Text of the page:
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Broken Sword 5: The Serpents Curse Episode 2 Review

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Broken Sword 5: The Serpents Curse is the fifth instalment in the franchise by Revolution Software and marks a return to the classic epics of the original 2 games. Following George and Nico once again where the series began, in the wonderful environment of Paris. Ditching the sticks controls from the console versions this PC release returns to the point and click style we know and love in Point and Click Adventure games.

This is the review for the Second Episode, for the first go here


Episode One Overview

Episode One started off with a Gallery being robbed and a rather sought after painting is stolen, “La Maledicció” with the Gallery Owner being shot and killed, George and Nice are thrust into a new adventure together. Following along the Gnostic background of the painting George is between Paris and London to meet the buyer of the Painting, the real owner and a Detective by the name of Lahngnam.


Episode One finishes off with George and Nico escaping a burning artists building to find the Detective Lahngnam walking away from the scene, not giving a helping hand when asked, putting him in the prime suspect corner for the couple.

Episode Two

Moving from Paris, George and Nico head to the old Castell that was shown in the beginning Cutscene in the Spanish Catalonia. The Castell was the original resting place of the Painting the whole conspiracy is centred on, so it must hold clues for why it is so important and why so many people are willing to kill to get it. Though upon approaching the Castell the heroes are shot at and they must take cover from the fire.


After reaching the Castell, George and Nico meet back up with the original Owner of the Painting, Marqués. From here they must uncover the puzzle and the meanings behind the painting and why it must be put back within the Castell to uncover the truths behind its creation.

From the Castell, the gang move to a hotspot cathedral where another artefact lies and finishing their quests somewhere within Iraq. Though it feels as if there are fewer places to explore in Episode 2, they don’t feel too underwhelming as there are plenty of clues and puzzles to solve and people to talk to in each scene.


Episode One was around 6-7 hours in length, and the same length can be found within the second episode, making the whole game around 12-13 hours long… if you’re good at the genre. The Second Episode feels doesn’t feel as lengthy as the first one mainly because of the faster pace it follows and the action scenes that occur.


The majority of the gameplay features where described in the first part of this review.

The puzzles within the Second episode are without a doubt harder and more unique, with having to decode a message with coded words in it, having to track down the location of an artefact by finding clue in a house then pinning a map to pinpoint, heheh, the city it resides in and playing a song on buckets and drums. I was thoroughly pleased in the puzzles to be had in the second episode as they posed more of a challenge then the first and had more roundabout ways in their execution.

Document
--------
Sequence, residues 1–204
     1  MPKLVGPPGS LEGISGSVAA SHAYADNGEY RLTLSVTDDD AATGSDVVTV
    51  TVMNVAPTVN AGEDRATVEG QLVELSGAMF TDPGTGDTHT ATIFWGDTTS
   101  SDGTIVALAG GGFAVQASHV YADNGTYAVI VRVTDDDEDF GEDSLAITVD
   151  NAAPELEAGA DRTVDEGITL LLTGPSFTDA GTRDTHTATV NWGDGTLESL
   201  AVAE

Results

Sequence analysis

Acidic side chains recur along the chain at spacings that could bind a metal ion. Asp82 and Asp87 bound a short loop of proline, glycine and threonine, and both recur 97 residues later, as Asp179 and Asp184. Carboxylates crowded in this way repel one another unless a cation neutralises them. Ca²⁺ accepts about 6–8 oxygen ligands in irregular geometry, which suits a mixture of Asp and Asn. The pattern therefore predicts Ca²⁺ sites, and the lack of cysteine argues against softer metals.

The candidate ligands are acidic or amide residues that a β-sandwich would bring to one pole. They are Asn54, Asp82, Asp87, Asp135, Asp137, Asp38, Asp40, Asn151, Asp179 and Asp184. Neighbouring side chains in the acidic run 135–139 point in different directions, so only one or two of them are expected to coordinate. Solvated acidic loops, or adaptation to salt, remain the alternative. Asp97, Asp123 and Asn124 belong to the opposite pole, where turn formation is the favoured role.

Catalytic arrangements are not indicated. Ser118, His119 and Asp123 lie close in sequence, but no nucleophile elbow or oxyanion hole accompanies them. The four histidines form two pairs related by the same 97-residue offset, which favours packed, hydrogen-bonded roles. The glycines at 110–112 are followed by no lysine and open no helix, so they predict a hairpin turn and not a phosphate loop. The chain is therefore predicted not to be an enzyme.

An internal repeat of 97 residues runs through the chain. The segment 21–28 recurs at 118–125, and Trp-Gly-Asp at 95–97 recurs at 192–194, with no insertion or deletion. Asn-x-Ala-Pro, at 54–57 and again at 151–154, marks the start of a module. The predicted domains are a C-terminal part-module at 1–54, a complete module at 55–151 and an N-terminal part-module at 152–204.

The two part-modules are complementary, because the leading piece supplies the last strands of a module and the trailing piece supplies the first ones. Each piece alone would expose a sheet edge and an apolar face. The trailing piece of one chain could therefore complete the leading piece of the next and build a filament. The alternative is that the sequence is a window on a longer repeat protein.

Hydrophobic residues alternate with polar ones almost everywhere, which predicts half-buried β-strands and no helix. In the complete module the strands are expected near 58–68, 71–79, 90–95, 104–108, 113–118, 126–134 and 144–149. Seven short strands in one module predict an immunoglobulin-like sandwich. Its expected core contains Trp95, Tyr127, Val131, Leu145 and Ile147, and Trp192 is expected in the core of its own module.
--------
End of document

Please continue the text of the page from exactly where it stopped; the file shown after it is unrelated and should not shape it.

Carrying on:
During the second episode you will mostly take the role of George Stobbart, similarly to the first episode, having the majority of the 6-7 hours playing and solving puzzles in his shoes. Nico Collard again is only played for around 1 hour of Episode two; meaning she is only controlled for around 2-3 hours in the entire game.

Overall Thoughts and Feelings

The second Episode does have a few lacking qualities to it when it is compared to the first episode, but still provides a lot of entertainment to the player, as well as fans by introducing the Goat, one of Georges greatest foes, and his friends from the past Duane and Pearl Henderson. The Second episode also brings in more investigation and new ways to solve puzzles that I don’t remember from any of the other releases which is breath of fresh air.


While it has been said that it is possible to die within this newest release I did not find one single death scene within the entire game which is a bit saddening as the deaths within the first two games in the series really hit home when you made a mistake and made you want to improve a lot more. Within Broken Sword you merely get alternate scenes, George combat rolling away from danger or him giving an inner warning that if he moved he would die.

I give Broken Sword 5: The Serpents Curse Episode Two a 5/5, continuing on from the amazing first episode, the second keeps the great atmosphere and settings that fans have come to learn and love. Most of the annoying parts from this release are more nit-picks then anything and don’t detract too much form the main game. Overall, The Serpents Curse is a great addition to the series and a wonderful call back to old style Point and Click Adventure games. Long Live Trevor the Cockroach!


Disclaimer:All scores given within our reviews are based on the artist’s personal opinion; this should in no way impede your decision to purchase the game.

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Computer Games Design Graduate from Staffordshire University with Animation and Motion Capture as my main subject. I am a neutralist both in world views and people, everyone and everything is equal. If sexism comes up in a game I will weigh it based on the themes at play and the story implications it has. Not afraid to give harsh criticism. Graphics and technology don't make the game, it's the gameplay that makes the game. Favourite Genres: RPG, Adventure, Action. Favourite Games: Joint 1. Final Fantasy VII (PS1) Joint 1. Jade Cocoon (PS1) 3. Persona 3 (PS2) 4. Tales Of Vesperia (X360) 5. Dragons Dogma (X360)

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